MLK Jr.’s “Dream”

Given that today is Martin Luther King Jr. Day, I have decided to post here an op-ed piece that I wrote for the campus newspaper at Ohio University sometime in the late 90s (I forget the exact year). At the time I was on staff w/ Campus Crusade for Christ. As you read, keep in mind that the piece was written for publication in a VERY liberal campus newspaper. I’d welcome any comments you might have.

Few individuals in the 20th century have had a greater impact on our nation than Martin Luther King Jr.. The societal change that Dr. King brought about was nothing short of miraculous, and the legacy of his heroic efforts lives on today.

We as a culture have the responsibility to see that the changes Dr. King fought for so diligently will live on for generations to come. Despite his dream to see people of all different ethnic backgrounds living together in society peacefully, and the efforts made in the past 30 years to make that dream a reality, we would all agree that the fulfillment of this dream has not been reached. This raises the obvious question of what has gone wrong.

Various reasons could be cited as to why this is the case, and arguments could be advanced as to which factors are the most prominent in preventing the fulfillment of King’s dream. But I am convinced that if we are to discover what lies at the foundation of the problem, we need to examine two key assumptions that helped form the basis of Dr. King’s views on racial equality. Both of these key pillars to King’s belief system were rooted in the Bible, which should come as no surprise to us considering the fact that he was a pastor first and foremost.

The first assumption is that we as human beings have been created in the image of God. There are many ramifications to this idea, but the primary one for our purposes here is one of significance and value. Since every individual human being is created in the image of God, every individual is entitled to the same dignity and respect. This is what sets us apart from the rest of creation; we were created with the specific purpose of reflecting God’s character. Because every individual of every ethnic group was created in the image of God, there’s no room for racism. The perpetuation of racism is fundamentally incompatible with the Biblical idea of humanity created in the image of God. I recognize that in the past there have been those who have attempted to defend racism and slavery by appeals to the Bible, but that simply reflects a terrible error in interpretation and a fundamental failure to understand the broader context of the entire Bible. Let me state it in the most explicit terms possible: racism is a sin that grieves the heart of God deeply and in no way can be supported by any responsible reading of the Bible.

The second assumption which acted as a pillar of King’s belief system was the idea that each of us as human beings are ultimately accountable to God for the way in which we live our lives. There are consequences for the evil things that we do in this life. This is such a prominent theme in the Bible that it is virtually impossible to miss. Because each of us must ultimately answer to God for the way in which we live our lives, it is in our best interests to live in such a way that we reflect God’s standards of right and wrong on a daily basis. A society composed of individuals who understand their accountability to God should make every effort to ensure that our society (composed of individuals made in the image of God) reflects the justice of God himself.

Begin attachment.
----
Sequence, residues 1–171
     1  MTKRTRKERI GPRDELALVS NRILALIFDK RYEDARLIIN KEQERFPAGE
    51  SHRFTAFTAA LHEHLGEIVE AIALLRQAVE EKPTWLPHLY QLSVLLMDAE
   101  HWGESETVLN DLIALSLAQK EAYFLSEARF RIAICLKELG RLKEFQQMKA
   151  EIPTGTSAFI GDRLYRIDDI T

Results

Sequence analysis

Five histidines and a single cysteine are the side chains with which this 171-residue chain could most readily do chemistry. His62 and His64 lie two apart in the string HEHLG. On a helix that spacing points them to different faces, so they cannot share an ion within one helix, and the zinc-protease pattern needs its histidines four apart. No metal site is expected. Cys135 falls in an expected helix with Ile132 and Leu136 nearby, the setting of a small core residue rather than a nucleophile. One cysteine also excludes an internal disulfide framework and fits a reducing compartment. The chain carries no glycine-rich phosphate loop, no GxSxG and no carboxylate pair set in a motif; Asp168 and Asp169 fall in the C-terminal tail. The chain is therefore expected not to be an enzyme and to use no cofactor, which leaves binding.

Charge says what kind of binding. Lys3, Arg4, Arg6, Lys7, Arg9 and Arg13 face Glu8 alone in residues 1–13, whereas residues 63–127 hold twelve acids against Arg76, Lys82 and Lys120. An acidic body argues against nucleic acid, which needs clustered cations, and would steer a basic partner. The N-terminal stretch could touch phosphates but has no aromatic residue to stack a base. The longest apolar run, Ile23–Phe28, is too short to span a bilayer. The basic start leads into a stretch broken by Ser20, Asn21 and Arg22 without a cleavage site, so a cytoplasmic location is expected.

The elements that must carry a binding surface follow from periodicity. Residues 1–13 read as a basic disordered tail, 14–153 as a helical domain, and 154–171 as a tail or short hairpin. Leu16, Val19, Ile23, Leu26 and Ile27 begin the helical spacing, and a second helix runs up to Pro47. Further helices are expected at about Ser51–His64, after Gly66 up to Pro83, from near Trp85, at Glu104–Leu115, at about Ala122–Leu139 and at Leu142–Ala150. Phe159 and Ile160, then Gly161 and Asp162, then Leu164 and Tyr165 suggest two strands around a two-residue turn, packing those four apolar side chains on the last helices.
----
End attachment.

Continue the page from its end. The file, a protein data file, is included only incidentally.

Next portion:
These two key assumptions helped form the basis of King’s understanding of racial equality. It might be objected that King does not deal with these ideas explicitly in his speeches, and that I am merely reading them into this situation for my own purposes. But I would argue that the reason King does not mention these ideas very prominently in his speeches is the fact that these two key ideas were part of our cultural believe system 30 years ago. He did not have to explicitly mention his belief that each human being bears the image of God and is ultimately accountable to God for their actions because an overwhelming majority of our culture agreed with these two assumptions. They simply had not applied these two beliefs to the issue of racial equality.

The primary reason why King’s dream has not been more fully realized in the past 30 years is that our culture no longer believes these two key assumptions. Most individuals in our culture no longer believe that every individual human being is created in the image of God and must ultimately answer to God for the way in which that individual lives that life. Life is now viewed as a cosmic accident in which each individual is merely the product of a Darwinian struggle for the survival of the fittest. The tragedy of this conclusion is that such a belief system cannot give an adequate reason for why racism is wrong. In fact, if life indeed is merely a survival of the fittest, it would logically follow that racism would be acceptable. (I’m not saying that everyone who believes in evolution is a racist; I am merely pointing out that if evolution is true it is extremely difficult to come up with a reason why racism is wrong).

I wholeheartedly share Dr. King’s dream of a society of people from many different ethnic backgrounds living together joyfully in a community. Yet I do not see how this dream will ever become reality if our culture continues to deny these two key pillars of King’s belief system: humanity created in the image of God, and human accountability to God. It is my hope that our culture will once again embrace these ideas and move ever closer to the fulfillment of Dr. King’s dream.

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